Want to add a splash of color to a late summer garden?
Dig into some of the best flowers for late summer in Colorado—whether you live in Denver, Colorado Springs, Grand Junction or another lovely Colorado town!
These late summer flowers bloom in August, September and some into October. They’re ideal if you’d like to:
- Add beautiful color and texture that will have neighbors taking notice.
- Attract pollinators to your garden, like hummingbirds and bees.
- Reduce the amount you have to water. (Yay for less work—and less water! They’re all drought tolerant plants.
They’re all perennials, so they should return for multiple years. They prefer sunny spots that get 6+ hours of sunlight per day.
If you live at a higher elevation in Colorado (or a similar western state), your growing season may not be long and warm enough for these late summer and early fall flowers. But good news, you can find a list of flowers for mountain gardens from the Colorado State University Extension.
Let’s jump in!
The best flowers for late summer in Colorado include…
Hummingbirds adore Sunset Hyssop. This late summer flower is Grand Central Station for hummingbirds. You may notice butterflies, bees and sphinx moths visiting it too. And bonus, this plant is typically deer and rabbit resistant, meaning Bambi will likely visit your neighbors’ gardens first.
Sunset Hyssop is one of the more reliable hyssops in Colorado when it’s planted in sunny, well-drained locations. Translation: It has a good track record of returning when other hyssops may not! Its salmon-orange flowers tend to be the showiest in August, but you should see blooms into fall.
Sunset Hyssop is native to the mountains of the Southwest. Zones 5-10.
Not familiar with “zones?” Learn what a hardiness zone is and how to find your zone here.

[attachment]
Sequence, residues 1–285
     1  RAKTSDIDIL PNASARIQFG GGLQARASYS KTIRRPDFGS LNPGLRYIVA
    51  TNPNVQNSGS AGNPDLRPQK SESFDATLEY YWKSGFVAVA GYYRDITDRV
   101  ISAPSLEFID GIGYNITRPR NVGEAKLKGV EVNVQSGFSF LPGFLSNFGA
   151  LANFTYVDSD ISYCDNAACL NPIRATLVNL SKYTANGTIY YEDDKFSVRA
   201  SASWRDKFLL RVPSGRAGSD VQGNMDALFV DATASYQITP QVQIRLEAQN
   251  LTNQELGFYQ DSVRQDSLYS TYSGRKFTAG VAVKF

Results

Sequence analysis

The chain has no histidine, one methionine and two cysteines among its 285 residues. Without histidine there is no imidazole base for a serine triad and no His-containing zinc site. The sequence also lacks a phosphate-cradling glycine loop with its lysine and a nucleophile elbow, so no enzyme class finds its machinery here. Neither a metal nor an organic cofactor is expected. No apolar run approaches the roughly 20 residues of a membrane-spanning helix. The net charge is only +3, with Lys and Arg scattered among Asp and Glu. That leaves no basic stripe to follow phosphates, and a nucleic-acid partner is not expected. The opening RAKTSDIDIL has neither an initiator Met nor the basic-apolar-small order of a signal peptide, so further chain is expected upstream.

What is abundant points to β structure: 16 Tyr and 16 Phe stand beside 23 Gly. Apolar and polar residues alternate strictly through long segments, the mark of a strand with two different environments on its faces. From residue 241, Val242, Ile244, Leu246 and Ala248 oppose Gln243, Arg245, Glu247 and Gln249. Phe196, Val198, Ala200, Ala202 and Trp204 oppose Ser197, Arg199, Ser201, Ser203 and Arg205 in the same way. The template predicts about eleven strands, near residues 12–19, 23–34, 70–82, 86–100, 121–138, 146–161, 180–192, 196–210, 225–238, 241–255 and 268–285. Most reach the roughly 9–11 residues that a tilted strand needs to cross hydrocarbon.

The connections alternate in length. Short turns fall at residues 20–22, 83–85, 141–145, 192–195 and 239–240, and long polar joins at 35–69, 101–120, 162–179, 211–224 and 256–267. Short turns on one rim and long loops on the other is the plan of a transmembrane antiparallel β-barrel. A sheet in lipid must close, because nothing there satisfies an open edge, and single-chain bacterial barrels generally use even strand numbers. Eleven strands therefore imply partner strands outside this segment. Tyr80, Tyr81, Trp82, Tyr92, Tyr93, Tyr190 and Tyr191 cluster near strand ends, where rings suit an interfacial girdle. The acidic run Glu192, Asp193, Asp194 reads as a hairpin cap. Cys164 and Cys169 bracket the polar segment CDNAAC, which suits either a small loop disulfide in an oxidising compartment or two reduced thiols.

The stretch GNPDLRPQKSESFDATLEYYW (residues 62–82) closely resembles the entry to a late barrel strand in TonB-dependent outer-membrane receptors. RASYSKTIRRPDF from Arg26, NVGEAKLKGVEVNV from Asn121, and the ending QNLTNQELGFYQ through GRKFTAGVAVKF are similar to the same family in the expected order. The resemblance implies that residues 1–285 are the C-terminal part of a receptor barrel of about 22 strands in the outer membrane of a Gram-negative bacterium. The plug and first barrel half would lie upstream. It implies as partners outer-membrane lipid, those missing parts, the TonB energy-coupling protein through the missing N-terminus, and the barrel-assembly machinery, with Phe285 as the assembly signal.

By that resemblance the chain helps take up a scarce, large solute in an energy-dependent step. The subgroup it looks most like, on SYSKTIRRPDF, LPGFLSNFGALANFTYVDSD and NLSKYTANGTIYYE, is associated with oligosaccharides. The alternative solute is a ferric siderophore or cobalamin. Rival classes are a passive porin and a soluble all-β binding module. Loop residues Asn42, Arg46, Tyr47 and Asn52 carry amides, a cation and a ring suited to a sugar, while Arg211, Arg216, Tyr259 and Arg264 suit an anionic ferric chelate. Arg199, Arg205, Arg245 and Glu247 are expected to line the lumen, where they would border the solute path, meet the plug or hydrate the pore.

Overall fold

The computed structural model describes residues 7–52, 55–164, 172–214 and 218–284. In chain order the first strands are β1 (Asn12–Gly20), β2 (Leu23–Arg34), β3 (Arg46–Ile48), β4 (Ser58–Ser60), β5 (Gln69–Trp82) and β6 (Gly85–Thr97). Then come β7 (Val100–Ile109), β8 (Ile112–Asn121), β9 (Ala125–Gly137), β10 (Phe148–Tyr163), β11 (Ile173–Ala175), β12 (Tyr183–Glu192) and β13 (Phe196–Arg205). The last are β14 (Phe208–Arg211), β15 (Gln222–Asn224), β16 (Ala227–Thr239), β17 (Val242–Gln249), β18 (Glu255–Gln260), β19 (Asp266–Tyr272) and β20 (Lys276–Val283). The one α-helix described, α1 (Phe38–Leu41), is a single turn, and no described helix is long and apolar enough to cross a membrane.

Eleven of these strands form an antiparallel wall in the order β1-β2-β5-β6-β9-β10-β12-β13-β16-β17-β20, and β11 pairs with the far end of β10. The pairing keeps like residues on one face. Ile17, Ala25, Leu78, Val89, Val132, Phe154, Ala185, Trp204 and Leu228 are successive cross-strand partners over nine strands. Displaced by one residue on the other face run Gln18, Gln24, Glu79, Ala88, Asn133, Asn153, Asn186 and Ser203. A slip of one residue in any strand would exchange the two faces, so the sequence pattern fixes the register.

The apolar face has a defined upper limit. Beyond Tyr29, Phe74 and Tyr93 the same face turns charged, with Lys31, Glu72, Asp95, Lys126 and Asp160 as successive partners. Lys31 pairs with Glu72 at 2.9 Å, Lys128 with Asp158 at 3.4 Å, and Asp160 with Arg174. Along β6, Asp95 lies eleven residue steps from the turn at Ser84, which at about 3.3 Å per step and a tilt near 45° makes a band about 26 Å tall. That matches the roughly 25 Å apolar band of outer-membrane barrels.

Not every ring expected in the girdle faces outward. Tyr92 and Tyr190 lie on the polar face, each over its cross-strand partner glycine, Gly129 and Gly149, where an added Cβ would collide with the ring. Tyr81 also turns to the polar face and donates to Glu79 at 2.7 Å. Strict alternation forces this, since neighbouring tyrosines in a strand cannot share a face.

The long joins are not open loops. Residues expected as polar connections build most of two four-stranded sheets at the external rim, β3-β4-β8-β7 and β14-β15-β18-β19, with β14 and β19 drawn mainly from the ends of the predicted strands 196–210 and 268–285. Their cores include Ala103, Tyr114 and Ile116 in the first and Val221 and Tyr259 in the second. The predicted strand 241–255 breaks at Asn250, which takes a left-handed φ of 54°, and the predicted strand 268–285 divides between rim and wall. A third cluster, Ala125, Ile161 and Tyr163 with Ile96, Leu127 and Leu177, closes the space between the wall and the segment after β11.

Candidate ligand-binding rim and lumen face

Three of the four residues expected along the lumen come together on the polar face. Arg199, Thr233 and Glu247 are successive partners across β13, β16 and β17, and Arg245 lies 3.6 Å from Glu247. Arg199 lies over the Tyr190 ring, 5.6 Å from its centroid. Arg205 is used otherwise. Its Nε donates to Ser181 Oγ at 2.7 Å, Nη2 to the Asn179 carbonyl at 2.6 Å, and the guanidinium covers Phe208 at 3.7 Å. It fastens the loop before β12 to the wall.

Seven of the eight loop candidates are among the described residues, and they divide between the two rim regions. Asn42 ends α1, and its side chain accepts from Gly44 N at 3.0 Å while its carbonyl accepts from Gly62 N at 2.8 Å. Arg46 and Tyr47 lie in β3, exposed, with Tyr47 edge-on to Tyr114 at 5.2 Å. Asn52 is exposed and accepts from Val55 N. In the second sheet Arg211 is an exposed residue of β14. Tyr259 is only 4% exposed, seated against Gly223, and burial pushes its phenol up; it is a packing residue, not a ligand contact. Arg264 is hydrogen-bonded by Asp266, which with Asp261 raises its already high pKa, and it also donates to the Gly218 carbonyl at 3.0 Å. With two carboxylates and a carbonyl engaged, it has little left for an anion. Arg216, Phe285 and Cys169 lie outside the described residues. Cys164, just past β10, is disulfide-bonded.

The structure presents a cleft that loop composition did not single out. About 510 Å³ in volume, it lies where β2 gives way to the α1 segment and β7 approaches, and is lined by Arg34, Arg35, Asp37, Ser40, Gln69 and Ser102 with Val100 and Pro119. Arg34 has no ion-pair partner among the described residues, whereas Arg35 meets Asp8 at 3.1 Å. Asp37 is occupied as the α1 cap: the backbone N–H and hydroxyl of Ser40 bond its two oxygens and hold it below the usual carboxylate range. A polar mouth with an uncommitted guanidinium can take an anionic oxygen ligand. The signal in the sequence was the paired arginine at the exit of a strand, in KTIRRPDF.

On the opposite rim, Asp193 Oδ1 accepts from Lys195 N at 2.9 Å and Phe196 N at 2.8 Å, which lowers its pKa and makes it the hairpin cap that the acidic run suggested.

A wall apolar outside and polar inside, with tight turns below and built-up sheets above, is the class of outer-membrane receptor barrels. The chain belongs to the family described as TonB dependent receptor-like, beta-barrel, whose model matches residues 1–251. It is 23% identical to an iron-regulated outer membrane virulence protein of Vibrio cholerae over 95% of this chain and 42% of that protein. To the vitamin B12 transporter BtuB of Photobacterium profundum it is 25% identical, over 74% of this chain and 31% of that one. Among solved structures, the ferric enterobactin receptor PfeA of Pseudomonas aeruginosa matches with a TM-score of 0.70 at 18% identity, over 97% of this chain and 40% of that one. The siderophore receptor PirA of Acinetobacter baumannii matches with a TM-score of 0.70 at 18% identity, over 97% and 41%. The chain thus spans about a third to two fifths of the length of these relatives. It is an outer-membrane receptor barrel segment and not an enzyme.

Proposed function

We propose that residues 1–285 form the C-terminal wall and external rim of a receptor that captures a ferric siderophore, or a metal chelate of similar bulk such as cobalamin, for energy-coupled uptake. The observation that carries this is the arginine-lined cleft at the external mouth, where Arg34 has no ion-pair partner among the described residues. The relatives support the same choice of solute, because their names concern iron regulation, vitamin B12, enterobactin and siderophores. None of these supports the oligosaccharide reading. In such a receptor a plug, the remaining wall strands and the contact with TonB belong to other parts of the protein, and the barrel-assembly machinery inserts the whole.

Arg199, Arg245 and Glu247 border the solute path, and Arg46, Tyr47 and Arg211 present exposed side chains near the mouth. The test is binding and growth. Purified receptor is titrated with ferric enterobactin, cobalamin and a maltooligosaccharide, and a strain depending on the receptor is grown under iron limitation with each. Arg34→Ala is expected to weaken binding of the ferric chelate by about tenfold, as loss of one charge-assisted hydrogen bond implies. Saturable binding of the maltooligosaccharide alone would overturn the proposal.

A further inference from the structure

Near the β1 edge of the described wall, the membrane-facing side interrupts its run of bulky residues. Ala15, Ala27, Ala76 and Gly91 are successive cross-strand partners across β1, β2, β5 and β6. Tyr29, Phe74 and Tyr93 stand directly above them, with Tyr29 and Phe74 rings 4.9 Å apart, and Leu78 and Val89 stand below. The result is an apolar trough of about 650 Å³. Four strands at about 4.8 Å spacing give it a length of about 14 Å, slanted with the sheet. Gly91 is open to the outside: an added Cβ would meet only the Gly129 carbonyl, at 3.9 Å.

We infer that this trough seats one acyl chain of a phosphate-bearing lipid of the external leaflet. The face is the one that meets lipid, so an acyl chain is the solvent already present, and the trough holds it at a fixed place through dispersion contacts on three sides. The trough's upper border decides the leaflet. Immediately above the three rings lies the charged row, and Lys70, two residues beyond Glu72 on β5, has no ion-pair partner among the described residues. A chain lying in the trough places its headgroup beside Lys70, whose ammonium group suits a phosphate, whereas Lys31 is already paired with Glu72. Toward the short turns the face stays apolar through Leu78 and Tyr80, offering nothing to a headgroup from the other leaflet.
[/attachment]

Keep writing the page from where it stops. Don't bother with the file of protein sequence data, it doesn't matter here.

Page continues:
Dakota Sunshine Maximilian’s Sunflower
Helianthus maximiliani ‘Dakota Sunshine’
If you like sunflowers or you simply like daisy-like flowers, this may be one of the best flowers for late summer in your garden! Dakota Sunshine gets spires of showy yellow blooms that grow up tall stems. It’s a drought-tolerant perennial that can reach 5’ to 6’ tall, so it’s ideal for adding height to the back of a garden.
Native to the prairies, Dakota Sunshine blooms in August into early September. It’s a favorite of bees when it’s blooming. When it goes to seed later in the fall, the seedheads attract birds. Zones 3-8.
If you’d like a version of this plant that blooms in the fall, look for Maximilian Sunflower. It grows even taller—often 6′ to 8′ in height—and typically blooms in September and October in western states like Colorado.
I found Dakota Sunshine at High Country Gardens. You also may be able to find these plants at local, independent garden centers.
Autumn Joy Sedum
Sedum spectabile ‘Autumn Joy’
So many reasons to love Autumn Joy Sedum, so little time! This perennial has beautiful pink flowers that appear in late summer and last into fall. Honeybees love the flowers.
Autumn Joy has thick leaves that add great structure and textural contrast to a garden. It tends to be a longer-lived perennial, coming back for many years. It adapts well to our tricky Colorado weather and soils (dirt). And during the winter, its seed heads can catch snow, adding interest to your winter garden too. Zones 4-11.
Meadow Blazing Star Liatris (aka, Rocky Mountain Gayfeather)
When I’m strolling through the Denver Botanic Gardens in August and September, this is the plant I usually hear people asking about. It’s an attention getter.
Blazing Star Liatris sends up vertical shoots of rosy-purple flowers that look like fuzzy buttons. The narrow, vertical shape of this plant offers a nice contrast to round-shaped plants in late summer gardens. And its flowers are extremely attractive to adult butterflies, including Monarchs. In my garden, Blazing Star Liatris also attracts native bees—particularly bumblebees.